This article first appeared in the May/Jun 2014 issue of World Gaming magazine.
They won’t figure in too many discussions about who will win the 2014 World Cup, but that won’t stop Japan, South Korea and Australia doing everything they can to stun the footballing elite. WGM runs the rule over our three World Cup participants as they get ready to take on the big guns in Brazil.
With Europe and South America having long dominated the round-ball game, it’s fair to say that Asia looms as the next obvious powerhouse in world football. In terms of selling the sport around the globe, the market has already been well and truly cracked with the big European leagues such as the English Premier League (EPL) and Spain’s La Liga hugely popular across Asia. In fact, a study conducted after the 2010-11 season found that the EPL attracted an in-home audience of 1.3 billion in Asia which accounted for 32.5 percent of its total viewership!
Still, football’s popularity is yet to translate into genuine success on the pitch itself, at least at World Cup level, with South Korea’s stunning if somewhat controversial run to the semi-finals in 2002 by far the greatest achievement of any of the 13 AFC members to have qualified over the years.
So what are our hopes in 2014? Not including Iran, which WGM doesn’t really consider to be an Asian nation even though it is part of the Asian Football Confederation, there are three Asian representatives headed to Brazil this year – Japan, South Korea and Australia.
Of those, Japan looks to be the side most likely to cause a stir. Blessed with raw skill and plenty of pace across the park, they are certainly no easy-beats and topped their qualifying group comfortably ahead of rivals Australia. They also happened to be the very first nation to qualify for this World Cup back in June 2013, so they’ve had a long time to prepare.
Their X-factor is Manchester United star Shinji Kagawa who has enjoyed more game time with the Red Devils since David Moyes took over this EPL season and is renowned for his calm head in the midfield.
Also worth keeping an eye on is AC Milan’s Keisuke Honda. The experienced 27-year-old is a dead ball specialist so it could spell trouble if their opponents start giving away free kicks near the box.
Japan’s biggest problem over the years has been the physical side of the game, their generally smaller frames struggling to stand their ground against the much bigger physiques found in Europe and South America. However, they received a favourable draw when they were drawn in Group C last December alongside Colombia, Greece and the Ivory Coast – having managed to avoid all of the big guns – and will consider themselves a real chance of progressing through to the Round of 16 for the third time.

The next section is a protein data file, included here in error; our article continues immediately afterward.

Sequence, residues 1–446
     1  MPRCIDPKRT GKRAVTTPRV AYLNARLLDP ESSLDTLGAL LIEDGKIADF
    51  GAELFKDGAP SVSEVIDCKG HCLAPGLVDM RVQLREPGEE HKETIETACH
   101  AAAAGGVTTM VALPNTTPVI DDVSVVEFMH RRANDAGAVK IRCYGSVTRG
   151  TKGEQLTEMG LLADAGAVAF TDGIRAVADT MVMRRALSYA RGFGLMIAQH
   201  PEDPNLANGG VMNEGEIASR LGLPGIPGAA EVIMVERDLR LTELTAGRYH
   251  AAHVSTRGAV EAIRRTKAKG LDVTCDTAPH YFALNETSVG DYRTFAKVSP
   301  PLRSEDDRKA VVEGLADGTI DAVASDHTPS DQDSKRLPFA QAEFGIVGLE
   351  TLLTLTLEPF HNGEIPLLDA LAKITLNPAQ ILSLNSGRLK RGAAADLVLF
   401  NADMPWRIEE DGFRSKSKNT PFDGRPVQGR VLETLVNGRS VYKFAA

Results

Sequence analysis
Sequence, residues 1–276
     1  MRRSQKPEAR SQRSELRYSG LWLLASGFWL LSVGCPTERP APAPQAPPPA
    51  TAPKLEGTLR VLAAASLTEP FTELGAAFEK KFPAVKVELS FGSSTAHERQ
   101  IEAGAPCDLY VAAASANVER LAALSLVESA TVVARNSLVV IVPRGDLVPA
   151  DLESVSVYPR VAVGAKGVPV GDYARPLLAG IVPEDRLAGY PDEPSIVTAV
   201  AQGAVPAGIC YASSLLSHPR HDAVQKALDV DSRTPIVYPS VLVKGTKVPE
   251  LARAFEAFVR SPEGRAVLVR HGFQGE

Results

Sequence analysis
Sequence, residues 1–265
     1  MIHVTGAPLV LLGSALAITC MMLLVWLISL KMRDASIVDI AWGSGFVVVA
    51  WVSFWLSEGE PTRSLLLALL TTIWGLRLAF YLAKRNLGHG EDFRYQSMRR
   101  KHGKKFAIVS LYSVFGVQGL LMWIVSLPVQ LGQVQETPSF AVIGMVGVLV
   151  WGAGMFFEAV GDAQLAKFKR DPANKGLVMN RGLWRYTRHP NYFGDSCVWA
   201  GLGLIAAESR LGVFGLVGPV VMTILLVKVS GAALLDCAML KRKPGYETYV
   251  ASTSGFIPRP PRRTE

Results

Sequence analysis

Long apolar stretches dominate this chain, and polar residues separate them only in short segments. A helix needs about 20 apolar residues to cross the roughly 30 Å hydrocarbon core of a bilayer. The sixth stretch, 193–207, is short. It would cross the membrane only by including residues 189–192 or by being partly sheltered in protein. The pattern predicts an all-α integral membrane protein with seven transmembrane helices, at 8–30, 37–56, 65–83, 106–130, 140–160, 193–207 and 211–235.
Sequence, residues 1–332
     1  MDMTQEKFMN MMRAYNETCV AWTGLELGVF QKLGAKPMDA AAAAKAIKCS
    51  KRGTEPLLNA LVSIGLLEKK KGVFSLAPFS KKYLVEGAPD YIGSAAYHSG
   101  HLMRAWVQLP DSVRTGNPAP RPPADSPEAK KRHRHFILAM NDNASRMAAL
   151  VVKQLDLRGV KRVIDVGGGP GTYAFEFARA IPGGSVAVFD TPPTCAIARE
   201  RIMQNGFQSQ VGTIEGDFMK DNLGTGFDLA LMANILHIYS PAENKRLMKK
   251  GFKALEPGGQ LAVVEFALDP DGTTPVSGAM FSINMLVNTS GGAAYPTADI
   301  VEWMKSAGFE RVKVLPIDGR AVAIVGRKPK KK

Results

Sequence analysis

Whether they can produce their best ever World Cup performance is another matter though, given they are likely to face Uruguay, England or Italy in the Round of 16 should they make it out of their group.
Asia’s second-best chance lies in the South Koreans. Progression from Group H isn’t beyond them although it won’t be easy. They face a Belgian side who many believe are the dark horses of this World Cup with their impressive array of young talent, and assuming Belgium cruise to the top of the group as expected the second spot will likely come down to the Koreans and Russia.
Like Japan, South Korea is fast and skillful with a handful of familiar faces including Cardiff City’s Kim Bo-Kyung and Sunderland’s Ki Sung-Yueng. They also boast Bayer Leverkusen’s record signing Son Heung-Min who is a lethal striker and certainly won’t hesitate to punish the opposition if given half a chance.
The problem for South Korea is their depth, with the majority of the squad plucked from the Korean national league, and even if they do progress through the group stage they will likely find themselves up against Germany, or at the very least Portugal.
Unlike Japan, Australia endured a nightmare draw this time around, with Group B pitting them against the world’s top ranked team Spain and fellow football powerhouse Holland – the two sides that contested the 2010 World Cup final – as well as a highly rated Chile side who will revel in the South American conditions they are accustomed to.
And it’s not just their opponents working against Australia’s hopes and aspirations. Their remarkable performance at the 2006 World Cup – where they progressed from Group F ahead of Croatia and Japan and could well have knocked out eventual winners Italy in the Round of 16 but for a highly dubious late penalty – came in the midst of their “Golden Generation”.
Players such as Tim Cahill, Harry Kewell, Mark Viduka, Mark Schwarzer, Lucas Neill, Brett Emerton and Mark Bresciano were at the peak of their powers back then, but most have since retired and there are question marks hanging over whether or not those of them still hanging around should still be part of the national set-up.
Given they’ve got nothing to lose, they’re probably best served employing all-out attack at this World Cup in the hope of catching their opponents off-guard, but to be blunt it will take a miracle for the Socceroos to achieve a lot in Brazil.
Still, it’s not over until the fat lady sings, as they say, so until then we’ll be waving the flag for our three Asian representatives in the hope they can do us proud.